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Intellectual Humility: the importance of knowing you might be wrong

A longer version of this article appears on [John Templeton Foundation]



Psychologists and philosophers are working to tease apart the ways we respond to new ideas and information — and the possible benefits of intellectual humility.


Intellectual humility is a mindset that guides our intellectual conduct. In particular, it involves recognizing and owning our intellectual limitations in the service of pursuing deeper knowledge, truth, and understanding. Such a mindset appears to be valuable in many domains of life — from education to inter religious dialogue to public discourse. It promises to help us avoid headstrong decisions and erroneous opinions, and allows us to engage more constructively with our fellow citizens.

Researchers in the field have not settled on a unified definition of intellectual humility. Theorists have treated it variously as a personality trait, a cognitive disposition, a set of self-regulatory habits, an intellectual virtue, and an absence of intellectual vices. Sometimes intellectual humility is defined as a fully general trait, guiding people’s responses to evidence across a wide array of situations; other times, it is characterized as a way for people to manage their responses to one specific belief or set of beliefs.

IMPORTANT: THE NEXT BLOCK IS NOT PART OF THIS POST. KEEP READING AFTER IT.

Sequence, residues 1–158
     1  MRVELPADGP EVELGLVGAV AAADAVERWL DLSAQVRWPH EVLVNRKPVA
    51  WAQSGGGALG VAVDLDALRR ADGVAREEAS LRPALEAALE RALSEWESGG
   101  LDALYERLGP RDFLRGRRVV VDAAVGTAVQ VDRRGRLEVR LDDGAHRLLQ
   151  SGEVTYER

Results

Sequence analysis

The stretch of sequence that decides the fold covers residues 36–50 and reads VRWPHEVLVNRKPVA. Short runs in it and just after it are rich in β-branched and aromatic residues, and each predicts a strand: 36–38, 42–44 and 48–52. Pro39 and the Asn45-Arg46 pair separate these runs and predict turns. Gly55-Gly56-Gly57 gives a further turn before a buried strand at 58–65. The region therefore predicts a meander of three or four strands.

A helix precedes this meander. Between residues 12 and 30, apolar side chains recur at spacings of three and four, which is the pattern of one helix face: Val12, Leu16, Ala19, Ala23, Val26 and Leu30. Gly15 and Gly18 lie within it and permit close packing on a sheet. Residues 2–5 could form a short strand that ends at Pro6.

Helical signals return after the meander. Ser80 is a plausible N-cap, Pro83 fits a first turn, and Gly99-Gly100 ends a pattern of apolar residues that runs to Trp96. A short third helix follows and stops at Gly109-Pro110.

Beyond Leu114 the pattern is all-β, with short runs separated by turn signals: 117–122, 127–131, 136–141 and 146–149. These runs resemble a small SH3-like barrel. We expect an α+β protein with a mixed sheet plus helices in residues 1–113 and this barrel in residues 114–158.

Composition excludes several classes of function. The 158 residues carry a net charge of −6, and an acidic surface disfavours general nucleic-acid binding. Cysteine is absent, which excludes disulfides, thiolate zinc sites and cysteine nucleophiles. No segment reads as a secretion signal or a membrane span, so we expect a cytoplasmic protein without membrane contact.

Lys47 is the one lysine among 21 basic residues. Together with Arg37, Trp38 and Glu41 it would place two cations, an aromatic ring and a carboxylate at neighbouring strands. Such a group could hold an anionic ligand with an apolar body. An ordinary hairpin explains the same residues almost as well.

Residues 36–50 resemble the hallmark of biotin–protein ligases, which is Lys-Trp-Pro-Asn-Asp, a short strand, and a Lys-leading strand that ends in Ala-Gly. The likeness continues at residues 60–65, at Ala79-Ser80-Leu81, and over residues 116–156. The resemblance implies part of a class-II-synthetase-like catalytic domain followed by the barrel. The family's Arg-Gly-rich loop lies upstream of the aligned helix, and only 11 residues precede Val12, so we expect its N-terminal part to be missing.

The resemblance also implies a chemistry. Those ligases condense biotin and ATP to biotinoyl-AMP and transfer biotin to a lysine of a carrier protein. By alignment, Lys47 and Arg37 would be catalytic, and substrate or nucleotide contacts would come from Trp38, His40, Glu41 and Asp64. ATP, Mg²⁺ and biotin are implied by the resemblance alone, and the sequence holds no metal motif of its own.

Intellectual humility speaks to people’s willingness to reconsider their views, to avoid defensiveness when challenged, and to moderate their own need to appear “right.”


Intellectual humility is sensitive to counter-evidence, realistic in outlook, strives for accuracy, shows little concern for self-importance, and is corrective of the natural tendency to strongly prioritize one’s own needs. If intellectual humility does not lead to boundless tolerance, it may at least help people overcome what Freud called the “narcissism of small differences.” This is a central topic for future research given that political and religious debates can spiral into ever-increasing fractiousness and polarization. If intellectual humility does in fact make people more tolerant, the value of that outcome may depend upon the range of differences they can tolerate.


Can you think of times when applying intellectual humility could have created a positive impact?


 

Resources

Watch the video “The Joy of Being Wrong.”

Photo by Ketut Subiyanto from Pexels


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